Family Gathering in the Kitchen.
It is our great honor to relay news of yet another financial award granted by
Dr. Jane’s HealthyPetNet Foundation. In a recent round of funding, we subsidized
the vital enterprises of a non-profit organization whose mission is to salvage
the lives of dogs damaged by human greed.
Located in Cortland, Nebraska, Stickney's Toy Breed and Rescue and Retirement
Sanctuary specializes in small breeds, dogs who generally weigh less than 25
pounds. Nine out of ten of the dogs received into their care come directly from
puppy mills, not just locally but from other states, too. The remainder of their
dependents are spared certain death in shelters where they are slated to be
Stickney’s Toy Breed Rescue and Retirement Sanctuary began as a journey of
discovery. In 1998, founder Mary Stickney entered the internet age with an
investigation into the source of puppies sold in many pet stores. Upon learning
that many of “those puppies in the pet store window” were born and raised in
puppy mills, she decided to take action, converting her home into a refuge for
dogs. Her residential property is situated on five acres and features an
enormous dog run, a six-foot-high chain-link fence covering nearly a quarter of
an acre … plenty of room to roam for these lively, tiny creatures.
Mary has taken as her personal mission the rehabilitation of dogs who, when
they come to her, are emaciated and broken in spirit. Almost without fail, every
canine who comes to Stickney’s is in need of emergency veterinary care. By the
time she enfolds her caring arms around these pups, some of whom have been
discarded like trash, they are suffering from a range of physical and mental
abuses and atrocious medical neglect, having barely survived appalling
conditions that can hardly be called “living quarters”. All too often, she has
witnessed first-hand horrors that can hardly be comprehended by many pet
Embraced for the first time.
Mary’s day starts early, rising at 5:00 a.m. to put out fresh water and food
for her dogs. At present, she also has a full-time day job, but her assistant
Lisa DeNood provides care and supervision while she’s away from home. Evenings
are spent trying to locate or meeting with potential adopters. No part of her
home is off-limits to the dogs, whom she affectionately refers to as “the lucky
ones”, many of whom share her king-sized bed at night. Her bedroom is brimming
with floor cots and crates (the doors have been removed). She devotes
significant energy to teaching them how to live in a home, as most have spent
their entire lives in cramped cages. Helping these dogs overcome fear and
anxiety is a major challenge, but one she approaches head-on. On the weekends,
any number of volunteers arrive to play with the pups and to help handle the
intake of new dogs. Saturdays and Sundays are prime adoption times, unless the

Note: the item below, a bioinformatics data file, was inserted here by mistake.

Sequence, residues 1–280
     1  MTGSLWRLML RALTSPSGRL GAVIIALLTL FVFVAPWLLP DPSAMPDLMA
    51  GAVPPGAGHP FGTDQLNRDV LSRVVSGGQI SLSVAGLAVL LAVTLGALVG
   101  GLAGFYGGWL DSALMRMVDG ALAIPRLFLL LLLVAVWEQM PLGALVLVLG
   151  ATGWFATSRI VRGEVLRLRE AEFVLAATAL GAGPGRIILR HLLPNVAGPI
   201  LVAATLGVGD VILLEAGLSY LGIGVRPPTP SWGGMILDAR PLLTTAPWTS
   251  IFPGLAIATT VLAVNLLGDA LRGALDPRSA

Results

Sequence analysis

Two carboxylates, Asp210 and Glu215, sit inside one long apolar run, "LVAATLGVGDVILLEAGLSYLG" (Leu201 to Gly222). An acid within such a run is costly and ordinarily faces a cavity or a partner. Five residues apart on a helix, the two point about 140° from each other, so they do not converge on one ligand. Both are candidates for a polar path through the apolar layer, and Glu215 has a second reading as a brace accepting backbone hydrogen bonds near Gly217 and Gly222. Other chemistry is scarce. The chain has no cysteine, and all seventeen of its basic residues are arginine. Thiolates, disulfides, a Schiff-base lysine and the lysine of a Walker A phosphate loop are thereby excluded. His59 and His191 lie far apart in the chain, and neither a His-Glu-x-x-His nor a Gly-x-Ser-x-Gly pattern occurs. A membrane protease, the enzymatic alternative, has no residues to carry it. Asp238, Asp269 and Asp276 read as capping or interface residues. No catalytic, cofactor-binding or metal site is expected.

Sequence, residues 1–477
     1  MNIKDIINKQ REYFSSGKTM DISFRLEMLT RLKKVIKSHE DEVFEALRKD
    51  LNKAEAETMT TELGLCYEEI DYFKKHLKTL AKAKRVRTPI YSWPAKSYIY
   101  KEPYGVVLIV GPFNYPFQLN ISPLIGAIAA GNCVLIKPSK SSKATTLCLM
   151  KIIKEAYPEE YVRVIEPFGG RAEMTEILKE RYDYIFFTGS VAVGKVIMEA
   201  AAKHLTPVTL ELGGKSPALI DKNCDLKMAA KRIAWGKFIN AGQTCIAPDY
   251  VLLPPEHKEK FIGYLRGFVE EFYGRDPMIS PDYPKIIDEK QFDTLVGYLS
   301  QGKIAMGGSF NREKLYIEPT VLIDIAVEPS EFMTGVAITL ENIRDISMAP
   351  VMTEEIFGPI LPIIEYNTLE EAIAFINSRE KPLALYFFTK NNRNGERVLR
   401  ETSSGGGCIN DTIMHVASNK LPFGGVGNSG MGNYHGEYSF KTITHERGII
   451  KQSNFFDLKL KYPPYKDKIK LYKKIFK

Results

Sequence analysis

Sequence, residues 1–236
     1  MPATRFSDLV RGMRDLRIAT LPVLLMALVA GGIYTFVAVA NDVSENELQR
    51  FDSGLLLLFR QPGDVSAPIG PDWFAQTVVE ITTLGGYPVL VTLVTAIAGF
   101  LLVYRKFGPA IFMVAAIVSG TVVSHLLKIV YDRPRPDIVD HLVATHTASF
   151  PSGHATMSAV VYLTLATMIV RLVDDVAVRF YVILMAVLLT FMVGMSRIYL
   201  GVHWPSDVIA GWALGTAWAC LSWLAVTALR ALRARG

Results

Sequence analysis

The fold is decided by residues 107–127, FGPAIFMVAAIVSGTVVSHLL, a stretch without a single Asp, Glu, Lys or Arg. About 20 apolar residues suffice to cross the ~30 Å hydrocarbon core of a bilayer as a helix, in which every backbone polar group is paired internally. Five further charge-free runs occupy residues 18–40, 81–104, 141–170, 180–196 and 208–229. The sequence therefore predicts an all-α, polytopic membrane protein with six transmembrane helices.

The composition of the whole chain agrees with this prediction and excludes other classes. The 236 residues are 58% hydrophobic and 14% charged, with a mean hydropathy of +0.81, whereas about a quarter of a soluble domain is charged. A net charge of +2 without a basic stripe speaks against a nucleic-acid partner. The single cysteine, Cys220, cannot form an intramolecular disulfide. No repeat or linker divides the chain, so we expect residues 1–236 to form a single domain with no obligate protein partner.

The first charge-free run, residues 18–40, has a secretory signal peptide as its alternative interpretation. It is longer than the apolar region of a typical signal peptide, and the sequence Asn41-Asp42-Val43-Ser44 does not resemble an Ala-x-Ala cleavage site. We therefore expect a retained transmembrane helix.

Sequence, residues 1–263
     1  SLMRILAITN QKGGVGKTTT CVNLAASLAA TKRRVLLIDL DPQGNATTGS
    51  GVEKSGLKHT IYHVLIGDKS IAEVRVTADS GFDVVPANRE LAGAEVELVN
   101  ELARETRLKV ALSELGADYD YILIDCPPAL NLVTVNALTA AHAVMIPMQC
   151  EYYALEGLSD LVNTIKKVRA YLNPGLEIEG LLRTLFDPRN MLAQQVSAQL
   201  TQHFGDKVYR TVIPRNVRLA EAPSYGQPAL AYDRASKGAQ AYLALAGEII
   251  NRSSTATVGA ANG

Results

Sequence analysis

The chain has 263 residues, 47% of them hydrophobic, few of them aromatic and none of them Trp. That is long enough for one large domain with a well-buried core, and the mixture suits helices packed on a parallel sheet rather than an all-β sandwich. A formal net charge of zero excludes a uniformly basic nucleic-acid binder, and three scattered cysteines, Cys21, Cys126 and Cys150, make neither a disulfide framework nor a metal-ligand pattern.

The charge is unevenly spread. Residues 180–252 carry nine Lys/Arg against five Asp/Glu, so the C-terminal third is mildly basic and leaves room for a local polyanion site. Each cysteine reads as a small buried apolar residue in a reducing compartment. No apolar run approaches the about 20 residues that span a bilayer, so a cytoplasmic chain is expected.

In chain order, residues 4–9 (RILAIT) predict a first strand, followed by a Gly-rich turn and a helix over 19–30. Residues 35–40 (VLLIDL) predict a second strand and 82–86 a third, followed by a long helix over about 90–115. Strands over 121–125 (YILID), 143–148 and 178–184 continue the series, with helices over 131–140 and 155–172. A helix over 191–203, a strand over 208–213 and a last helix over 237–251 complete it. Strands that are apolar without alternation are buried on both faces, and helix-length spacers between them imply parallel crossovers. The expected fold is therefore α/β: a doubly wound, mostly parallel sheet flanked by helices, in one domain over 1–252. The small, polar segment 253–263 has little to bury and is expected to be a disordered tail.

team is rendezvousing to pick up new rescues.
A volunteer feeds treats to happy pups.
The adoption fees they collect go towards the high vet bills they routinely
incur, although the extensive care provided leaves Stickney’s operating in the
red much of the time. To help fill this need, the Board of the Dr. Jane’s
HealthyPetNet Foundation stepped in and made a significant contribution.
Awarded in August, our donation covered the costs of veterinary care for 12
dogs retrieved from two different puppy mills, one notorious for its deplorable
conditions and the other a Dachshund mill whose violations were so egregious it
was shut down by authorities.
The medical problems of the rescued canines are not for the faint of heart …
perhaps not even for the stalwart of heart. All 12 needed immediate medical
attention. Two of these canines, a Maltese named Mindy and a Pomeranian named
Cinnamon, were suffering from multiple issues, including kidney failure, dental
infections, strangulated hernia, ear infections and other conditions too graphic
to describe here. Despite the best efforts of veterinarians, both pups died
during treatment as the extent of the trauma proved too extreme to survive.
Emaciated from neglect, Mork will no longer be
denied good nutrition.
Fortunately, the maladies of the other ten pups did not prove fatal. Thanks
to the epic efforts of volunteers and veterinarians, they were able to save the
lives of two Yorkies, one Maltese, one Shi Tzu, two Brussels and four
Dachshunds. All of these pups needed extensive dental work, some suffering from
conditions so severe that most of their teeth had to be extracted. Snickers, one
of the Doxies, had ground her teeth down to mere nubs after repeatedly
attempting to chew her way out of her cage.
We hope that we helped ease this small operation’s financial burden, as well
as playing a role in making sure their rescues receive the proper care they
deserve. On behalf of all of these small-in-stature but large-at-heart dogs who
are now starting down the road to recovery, and hopefully happiness, we offer
Stickney’s our deep and abiding thanks. Their diligent work puts a spotlight on
the dark side of the pet industry.
Zeus enjoys his new-found freedom.
All of us here at Life’s Abundance are proud to sponsor the efforts of this
remarkable rescue. The perseverance of Mary and her team in the face of gruesome
and heart-rending situations gives us hope. While their rescues serve as grim
reminders that there’s still much work to be done, still many left to save,
every instance of healing teaches us we can improve the plight of companion
Most especially, we are thankful to all of our readers and customers who,
through their personal donations and continued patronage, make all of our grants
possible. Your kindness and commitment to pet health has directly helped this
devoted group of volunteers to make the world a better place for abused and